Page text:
Sheehan v. Doyle, No. 74-1318

CourtUnited States Courts of Appeals. United States Court of Appeals (1st Circuit)
Writing for the CourtBefore COFFIN, Chief Judge, McENTEE and CAMPBELL; LEVIN H. CAMPBELL
Citation513 F.2d 895
Docket NumberNo. 74-1318
Decision Date31 March 1975
PartiesJohn C. SHEEHAN, Plaintiff-Appellee, v. Frank P. DOYLE et al., Defendants-Appellants.

Page 895

513 F.2d 895
185 U.S.P.Q. 489
John C. SHEEHAN, Plaintiff-Appellee,
v.
Frank P. DOYLE et al., Defendants-Appellants.
No. 74-1318.
United States Court of Appeals,
First Circuit.
Argued Dec. 2, 1974.
Decided March 31, 1975.

Page 896

Albert L. Jacobs, Jr., New York City, with whom Jacobs & Jacobs, P. C., New York City, Owen F. Clarke, Jr., and Sullivan & Worcester, Boston, Mass., were on brief for defendants-appellants.

Thomas E. Spath, with whom N. Dale Sayre, McLean, Boustead & Sayre, New York City, Robert J. Horn, Jr., Kenway & Jenney, Boston, Mass., were on brief for plaintiff-appellee.

Before COFFIN, Chief Judge, McENTEE and CAMPBELL, Circuit Judges.

LEVIN H. CAMPBELL, Circuit Judge.

This appeal concerns the authority of the District Court for the District of Massachusetts to order discovery in aid of a patent interference proceeding being conducted before the Board of Patent Interferences in Arlington, Virginia.

Doyle (a name used for three nonresident aliens) is engaged in an interference in the United States Patent Office against Sheehan, a Massachusetts resident. See 35 U.S.C. § 135. At issue is whether Doyle or Sheehan is the first inventor of processes for the production of penicillin. Doyle has applied for a United States patent, Sheehan already having been granted one covering the same subject matter.

One might suppose that the scope of discovery for use in an interference 1 would be determined by the Patent Office or at least coordinated with the administrative proceeding within its jurisdiction; and Congress has in fact conferred statutory authority upon the Commissioner of Patents to "establish rules for taking affidavits and depositions required in cases in the Patent Office", 35 U.S.C. § 23, and the Commissioner has adopted certain rules, see note 1 supra. But in section 24, Congress has also conferred certain powers upon district courts. Historically section 24 developed to provide for the issuance of subpoenas to compel testimony and evidence required in Patent Office interferences; but a sentence in section 24 inserted by Congress in 1952 has been construed by a number of courts also to allow parties to an interference to obtain at any time broad-based discovery in district

Page 897

courts in separate, self-contained proceedings. 2 See infra. Such discovery goes on outside the ambit of the Patent Office proceeding and beyond the scope permitted without special approval under its rules.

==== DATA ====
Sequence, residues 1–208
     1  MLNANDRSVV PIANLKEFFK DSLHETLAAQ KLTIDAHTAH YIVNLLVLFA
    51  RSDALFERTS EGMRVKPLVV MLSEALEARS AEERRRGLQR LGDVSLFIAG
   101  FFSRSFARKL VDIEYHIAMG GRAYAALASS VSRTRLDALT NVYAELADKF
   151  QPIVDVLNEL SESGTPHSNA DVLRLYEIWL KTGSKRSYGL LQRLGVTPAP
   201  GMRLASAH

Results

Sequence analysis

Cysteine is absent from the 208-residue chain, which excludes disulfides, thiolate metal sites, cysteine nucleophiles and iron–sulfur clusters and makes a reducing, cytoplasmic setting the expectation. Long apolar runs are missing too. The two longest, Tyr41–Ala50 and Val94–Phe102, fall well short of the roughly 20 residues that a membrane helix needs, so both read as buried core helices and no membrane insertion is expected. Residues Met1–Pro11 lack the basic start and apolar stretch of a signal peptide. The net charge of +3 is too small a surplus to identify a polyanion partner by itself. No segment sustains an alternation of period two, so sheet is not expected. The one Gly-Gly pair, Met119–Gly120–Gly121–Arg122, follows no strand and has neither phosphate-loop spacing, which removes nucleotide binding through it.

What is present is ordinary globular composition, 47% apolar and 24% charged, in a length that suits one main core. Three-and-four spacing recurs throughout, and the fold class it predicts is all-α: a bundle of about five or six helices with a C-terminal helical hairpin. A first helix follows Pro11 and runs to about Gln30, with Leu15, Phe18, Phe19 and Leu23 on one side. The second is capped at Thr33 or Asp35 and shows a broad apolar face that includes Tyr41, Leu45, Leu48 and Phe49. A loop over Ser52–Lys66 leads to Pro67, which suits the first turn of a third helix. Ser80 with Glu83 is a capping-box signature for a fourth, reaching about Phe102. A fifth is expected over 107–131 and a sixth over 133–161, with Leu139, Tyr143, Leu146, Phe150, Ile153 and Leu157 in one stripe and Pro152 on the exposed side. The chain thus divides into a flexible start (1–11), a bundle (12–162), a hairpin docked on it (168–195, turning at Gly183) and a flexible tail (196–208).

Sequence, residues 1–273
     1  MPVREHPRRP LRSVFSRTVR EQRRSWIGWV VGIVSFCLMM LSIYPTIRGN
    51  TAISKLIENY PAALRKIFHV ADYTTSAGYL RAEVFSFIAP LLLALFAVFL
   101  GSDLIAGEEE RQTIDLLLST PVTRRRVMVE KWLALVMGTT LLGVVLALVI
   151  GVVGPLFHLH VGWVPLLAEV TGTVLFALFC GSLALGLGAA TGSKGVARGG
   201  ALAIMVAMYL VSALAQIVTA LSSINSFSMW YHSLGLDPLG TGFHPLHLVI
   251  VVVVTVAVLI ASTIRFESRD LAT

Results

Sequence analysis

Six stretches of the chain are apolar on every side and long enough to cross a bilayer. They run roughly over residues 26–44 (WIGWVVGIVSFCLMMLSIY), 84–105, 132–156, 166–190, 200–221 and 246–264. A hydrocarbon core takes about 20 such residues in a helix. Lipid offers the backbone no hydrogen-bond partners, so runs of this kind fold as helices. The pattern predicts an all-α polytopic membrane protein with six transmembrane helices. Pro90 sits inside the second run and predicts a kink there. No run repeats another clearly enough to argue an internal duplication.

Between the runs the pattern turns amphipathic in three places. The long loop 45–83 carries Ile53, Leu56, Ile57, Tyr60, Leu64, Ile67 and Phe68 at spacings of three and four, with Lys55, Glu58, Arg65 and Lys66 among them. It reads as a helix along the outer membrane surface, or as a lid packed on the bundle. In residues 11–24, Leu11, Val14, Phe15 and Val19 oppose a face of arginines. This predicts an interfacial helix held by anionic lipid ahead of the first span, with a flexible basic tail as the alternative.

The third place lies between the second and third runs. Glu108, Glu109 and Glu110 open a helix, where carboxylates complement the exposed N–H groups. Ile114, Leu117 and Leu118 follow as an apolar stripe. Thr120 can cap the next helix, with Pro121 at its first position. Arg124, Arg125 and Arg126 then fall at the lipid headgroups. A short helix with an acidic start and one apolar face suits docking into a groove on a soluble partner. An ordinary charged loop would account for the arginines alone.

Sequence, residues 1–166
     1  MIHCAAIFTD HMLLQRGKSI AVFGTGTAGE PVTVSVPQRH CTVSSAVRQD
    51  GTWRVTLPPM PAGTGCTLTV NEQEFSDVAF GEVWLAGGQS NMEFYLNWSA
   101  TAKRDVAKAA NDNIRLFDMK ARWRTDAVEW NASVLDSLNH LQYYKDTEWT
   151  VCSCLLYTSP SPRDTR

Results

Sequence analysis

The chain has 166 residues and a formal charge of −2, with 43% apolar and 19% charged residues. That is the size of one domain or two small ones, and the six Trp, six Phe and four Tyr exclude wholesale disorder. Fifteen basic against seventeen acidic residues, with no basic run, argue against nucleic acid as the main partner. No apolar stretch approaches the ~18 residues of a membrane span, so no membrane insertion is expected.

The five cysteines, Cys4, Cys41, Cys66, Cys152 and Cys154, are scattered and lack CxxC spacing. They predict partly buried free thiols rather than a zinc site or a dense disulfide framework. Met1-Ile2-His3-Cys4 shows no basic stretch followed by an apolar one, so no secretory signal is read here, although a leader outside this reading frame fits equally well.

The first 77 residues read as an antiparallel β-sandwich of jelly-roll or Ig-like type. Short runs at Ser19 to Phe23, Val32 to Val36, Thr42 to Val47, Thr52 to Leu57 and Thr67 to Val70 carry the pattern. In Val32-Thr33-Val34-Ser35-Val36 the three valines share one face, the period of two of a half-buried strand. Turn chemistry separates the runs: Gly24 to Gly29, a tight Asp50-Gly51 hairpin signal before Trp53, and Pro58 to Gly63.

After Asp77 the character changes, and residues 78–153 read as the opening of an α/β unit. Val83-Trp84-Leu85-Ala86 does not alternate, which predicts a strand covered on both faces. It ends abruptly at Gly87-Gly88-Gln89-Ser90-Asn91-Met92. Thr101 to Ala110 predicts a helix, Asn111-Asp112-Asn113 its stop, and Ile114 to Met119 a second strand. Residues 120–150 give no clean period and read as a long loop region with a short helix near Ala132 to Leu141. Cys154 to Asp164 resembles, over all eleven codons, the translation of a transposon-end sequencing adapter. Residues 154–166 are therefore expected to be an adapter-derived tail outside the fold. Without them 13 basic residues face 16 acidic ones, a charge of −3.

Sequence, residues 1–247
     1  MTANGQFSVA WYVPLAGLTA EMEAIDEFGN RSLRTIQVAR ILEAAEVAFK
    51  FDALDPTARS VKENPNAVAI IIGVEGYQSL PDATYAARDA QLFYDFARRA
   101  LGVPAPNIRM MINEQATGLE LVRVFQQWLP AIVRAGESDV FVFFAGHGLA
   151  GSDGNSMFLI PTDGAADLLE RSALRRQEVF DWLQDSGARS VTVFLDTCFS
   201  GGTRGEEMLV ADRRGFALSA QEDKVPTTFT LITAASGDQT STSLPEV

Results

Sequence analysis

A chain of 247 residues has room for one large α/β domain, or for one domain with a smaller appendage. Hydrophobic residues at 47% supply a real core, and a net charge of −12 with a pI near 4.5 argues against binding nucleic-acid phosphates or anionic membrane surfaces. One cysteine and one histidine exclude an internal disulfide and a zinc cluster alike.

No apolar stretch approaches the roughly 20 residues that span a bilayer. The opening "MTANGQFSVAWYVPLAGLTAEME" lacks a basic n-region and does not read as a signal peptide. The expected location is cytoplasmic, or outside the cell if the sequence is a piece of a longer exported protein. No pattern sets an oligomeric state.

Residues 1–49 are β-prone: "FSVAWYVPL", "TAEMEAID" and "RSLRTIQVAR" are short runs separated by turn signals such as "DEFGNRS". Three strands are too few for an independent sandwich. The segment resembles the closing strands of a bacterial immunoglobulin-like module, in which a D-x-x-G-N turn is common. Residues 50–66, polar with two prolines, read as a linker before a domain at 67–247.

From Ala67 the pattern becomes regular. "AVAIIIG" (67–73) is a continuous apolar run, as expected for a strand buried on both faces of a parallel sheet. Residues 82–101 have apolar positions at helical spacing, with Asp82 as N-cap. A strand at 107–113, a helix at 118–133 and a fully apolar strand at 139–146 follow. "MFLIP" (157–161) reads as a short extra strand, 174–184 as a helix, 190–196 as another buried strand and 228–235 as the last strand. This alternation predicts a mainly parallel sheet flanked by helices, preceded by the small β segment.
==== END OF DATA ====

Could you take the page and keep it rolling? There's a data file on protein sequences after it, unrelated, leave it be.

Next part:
Citing section 24 and bypassing the Patent Office's procedures, Doyle brought an independent action in the District Court for the District of Massachusetts to obtain discovery from Sheehan under the Federal Rules of Civil Procedure. The court issued a subpoena duces tecum against Sheehan and, after hearing Sheehan's objections, refused to quash the subpoena and directed Sheehan to produce the requested records and appear to be deposed. In addition to the discovery of Sheehan, Doyle's counsel was able to obtain from the court subpoenas duces tecum against two organizations, also located in Massachusetts, having an interest in the Sheehan patent. Doyle's goal in these ancillary proceedings has been to discover evidence that an abandoned Sheehan patent application in 1957, while disclosing some processes, did not disclose enough to enable Sheehan to claim first invention to the processes for which Sheehan obtained the disputed patent in 1959 and as to which Doyle has a claim to invention dating from late 1957.

While Doyle's discovery was in progress, Sheehan, also invoking section 24, filed a request under Rule 34, Fed.R.Civ.P., 3 for the production of documents from Doyle and his assignee, Beecham Research Laboratories, Inc. (BRL), a British corporation and the real party in interest. Sheehan sought documents of tests and evaluations, made by BRL and to be introduced in interference testimony, concerning the sufficiency of the Sheehan disclosure in its abandoned 1957 application. After considering arguments for and against compelling discovery from the nonresident aliens, the district court ordered Doyle and BRL to produce those documents sought that were not privileged. From this order Doyle now appeals. Doyle objects to the order on grounds of lack of personal jurisdiction and proper venue, as he is a nonresident alien with no ties to Massachusetts. We do not reach these arguments